Craft beer is usually not what comes to mind when thinking about Orlando. Walt Disney World, Universal Studios or another splashy theme park, yes, but not beer.
Today, however, this landlocked central Florida city is getting a reputation for its growing craft beer scene. In the past few years, locals in the Orlando area have opened bars offering a wide selection of beers from small producers, and some are even opening spots that serve ales brewed in house.
The Florida Brewers Guild, a nonprofit association, said there were now 20 to 25 breweries and craft beer bars in the Orlando area compared with five years ago when there were fewer than 10.
The roots of the growing culture date to the opening of beer-centric bars like Redlight Redlight Beer Parlour. This casual and large bar, housed in an industrial-looking space, was a novelty when it opened in 2005. It has a menu of 26 rotating drafts, as well as 300 bottles from small producers around the world. It also has more than 50 varieties of sour wild beers from countries including Switzerland, Italy and Belgium, offering a flavor profile that can taste at times like sour candy. Another spot spearheading the movement is Milk Bar, about a 10-minute drive away. A local restaurateur, Bret Ashman, opened the 750-square-foot space, named after the milk factory across the street, because of his longtime passion for smaller niche brands. The menu at the 3-year-old bar has 90 options, and there are two 42-inch televisions connected to Xbox and Sega gaming systems that customers are encouraged to use.
“We’re trying to be a user-friendly version of your best guy friend’s house,” Ashman said.
But the interest in beer has become even more specialized with establishments selling varieties crafted onsite like the year-old Cask & Larder. The lively restaurant and bar has a menu of nine rotating ales that Ron Raike, 48, brews in a glassed room so customers can watch the process. A highlight of a Cask & Larder visit is a meal in which his beer is paired with Southern-influenced cuisine such as a fish fry with okra and hush puppies or chicken and biscuits.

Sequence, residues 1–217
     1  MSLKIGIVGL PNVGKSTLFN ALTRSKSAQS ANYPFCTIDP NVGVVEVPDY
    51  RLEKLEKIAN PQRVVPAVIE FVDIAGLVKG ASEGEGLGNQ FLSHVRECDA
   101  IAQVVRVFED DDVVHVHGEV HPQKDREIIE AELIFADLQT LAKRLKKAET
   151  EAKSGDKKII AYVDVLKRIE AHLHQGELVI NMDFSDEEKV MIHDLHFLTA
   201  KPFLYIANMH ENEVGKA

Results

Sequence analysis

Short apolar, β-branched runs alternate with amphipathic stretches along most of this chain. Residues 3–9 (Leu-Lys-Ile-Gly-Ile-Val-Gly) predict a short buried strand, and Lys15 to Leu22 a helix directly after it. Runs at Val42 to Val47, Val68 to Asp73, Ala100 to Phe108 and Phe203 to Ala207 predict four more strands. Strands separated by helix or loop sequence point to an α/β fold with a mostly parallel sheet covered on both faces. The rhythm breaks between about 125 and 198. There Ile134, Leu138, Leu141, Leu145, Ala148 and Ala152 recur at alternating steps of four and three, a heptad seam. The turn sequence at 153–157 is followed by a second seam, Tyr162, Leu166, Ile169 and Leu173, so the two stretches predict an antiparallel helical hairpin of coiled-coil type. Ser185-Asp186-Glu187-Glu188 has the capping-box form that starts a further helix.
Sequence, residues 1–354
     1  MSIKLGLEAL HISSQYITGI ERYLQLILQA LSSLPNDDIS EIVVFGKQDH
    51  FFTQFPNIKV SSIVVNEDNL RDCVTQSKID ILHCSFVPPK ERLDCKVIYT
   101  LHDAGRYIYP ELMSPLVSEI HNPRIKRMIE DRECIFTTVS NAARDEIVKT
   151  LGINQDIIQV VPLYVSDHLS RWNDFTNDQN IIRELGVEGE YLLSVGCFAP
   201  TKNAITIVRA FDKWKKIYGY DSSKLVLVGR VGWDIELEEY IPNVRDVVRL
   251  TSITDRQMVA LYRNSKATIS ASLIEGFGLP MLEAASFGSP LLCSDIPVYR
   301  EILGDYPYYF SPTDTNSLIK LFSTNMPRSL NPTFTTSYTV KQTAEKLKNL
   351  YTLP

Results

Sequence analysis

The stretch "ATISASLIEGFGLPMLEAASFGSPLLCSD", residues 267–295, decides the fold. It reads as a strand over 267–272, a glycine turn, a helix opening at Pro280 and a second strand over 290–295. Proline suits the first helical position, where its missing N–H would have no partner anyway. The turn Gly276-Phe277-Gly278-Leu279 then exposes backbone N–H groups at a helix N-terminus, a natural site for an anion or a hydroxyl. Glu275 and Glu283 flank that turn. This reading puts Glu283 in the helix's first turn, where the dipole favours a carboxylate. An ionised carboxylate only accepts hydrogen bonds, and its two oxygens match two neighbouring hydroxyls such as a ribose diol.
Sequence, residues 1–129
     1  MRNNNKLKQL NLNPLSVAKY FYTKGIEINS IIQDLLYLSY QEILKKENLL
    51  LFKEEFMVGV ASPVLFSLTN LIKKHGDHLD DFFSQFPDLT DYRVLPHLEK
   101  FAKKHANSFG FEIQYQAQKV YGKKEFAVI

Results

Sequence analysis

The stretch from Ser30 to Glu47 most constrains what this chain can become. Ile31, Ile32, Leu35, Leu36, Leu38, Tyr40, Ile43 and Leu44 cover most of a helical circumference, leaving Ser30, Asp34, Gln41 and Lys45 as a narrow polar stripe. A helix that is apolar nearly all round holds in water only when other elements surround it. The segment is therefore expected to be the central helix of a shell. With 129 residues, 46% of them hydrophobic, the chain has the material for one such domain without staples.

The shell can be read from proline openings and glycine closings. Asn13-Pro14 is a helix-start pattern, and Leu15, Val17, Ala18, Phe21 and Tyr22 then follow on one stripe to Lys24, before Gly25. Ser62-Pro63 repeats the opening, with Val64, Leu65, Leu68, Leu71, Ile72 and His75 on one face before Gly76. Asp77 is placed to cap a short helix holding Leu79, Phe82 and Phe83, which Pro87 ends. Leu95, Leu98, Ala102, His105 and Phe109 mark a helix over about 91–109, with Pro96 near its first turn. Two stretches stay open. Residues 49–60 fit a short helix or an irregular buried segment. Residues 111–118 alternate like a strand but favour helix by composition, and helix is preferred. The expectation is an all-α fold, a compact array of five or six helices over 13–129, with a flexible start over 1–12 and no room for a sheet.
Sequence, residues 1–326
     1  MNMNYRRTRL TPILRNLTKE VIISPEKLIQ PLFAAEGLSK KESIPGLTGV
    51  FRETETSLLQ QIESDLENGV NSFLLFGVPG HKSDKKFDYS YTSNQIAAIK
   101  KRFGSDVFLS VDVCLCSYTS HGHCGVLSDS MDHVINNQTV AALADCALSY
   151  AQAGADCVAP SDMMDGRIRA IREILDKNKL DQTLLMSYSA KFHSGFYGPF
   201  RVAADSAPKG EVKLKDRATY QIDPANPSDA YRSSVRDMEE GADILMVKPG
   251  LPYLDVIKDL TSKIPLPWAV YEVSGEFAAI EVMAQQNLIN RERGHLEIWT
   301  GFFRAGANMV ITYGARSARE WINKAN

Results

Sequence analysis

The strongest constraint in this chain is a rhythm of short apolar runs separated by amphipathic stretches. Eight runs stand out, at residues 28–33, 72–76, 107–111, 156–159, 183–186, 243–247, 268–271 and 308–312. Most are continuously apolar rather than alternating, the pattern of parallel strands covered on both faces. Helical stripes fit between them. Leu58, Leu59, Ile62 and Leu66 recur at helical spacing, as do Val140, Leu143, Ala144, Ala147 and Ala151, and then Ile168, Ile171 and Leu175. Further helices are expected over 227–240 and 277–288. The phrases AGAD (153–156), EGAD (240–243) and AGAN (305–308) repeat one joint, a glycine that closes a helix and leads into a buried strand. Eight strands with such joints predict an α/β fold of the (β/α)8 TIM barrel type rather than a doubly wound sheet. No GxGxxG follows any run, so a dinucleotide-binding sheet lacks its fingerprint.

“You don’t hear about food and beer complementing each other the way you do about wine, but we want to show our guests that it can work just as well,” he said.
Food isn’t offered at all at the year-old Hourglass Brewery, which was started by two high school best friends, Sky Conley, 31, and Brett Mason, 32, who home-brewed for years while they had other jobs. The 900-square-foot venue is only large enough for a small brewing area and tap room and has a mural of space-themed movies like “Star Wars” adorning one wall and mixed media, pencil and canvas works from local artists on another. Conley makes 60 kinds of beers such as an India Pale Ale and Mocha Imperial Stout and usually offers nine at a time, weaving in seasonal varieties like one for autumn using butternut squash and Brazil nuts.
Orlando Brewing, which bills itself as the only USDA-certified organic brewery in Florida, has a lively ambience in a roomy 7,000-square-foot setting. Local bands play styles like bluegrass and country music on weekends, and food trucks come out for special events, but beer has always taken center stage since the bar opened in 2006.
It’s taken a few years to get a collective sense of Orlando’s beer culture because the area, and the ale houses, are so spread out. Mount Dora, for instance, is a 45-minute trip out of the city. Jeff Herbst, 59, opened the brewery and restaurant in 2011 in three small early-20th century houses that were his workshops when he was a furniture builder. He brews his six ales including the rich and dark Pistoville Porter in one building; a restaurant serving bar food and a tap room are in the other two.
Raike, the brewmaster at Cask & Larder, remembers the days when the only place he could find craft beers was his home.
“It used to be a beer wasteland,” he said. “Now, that’s finally changing.”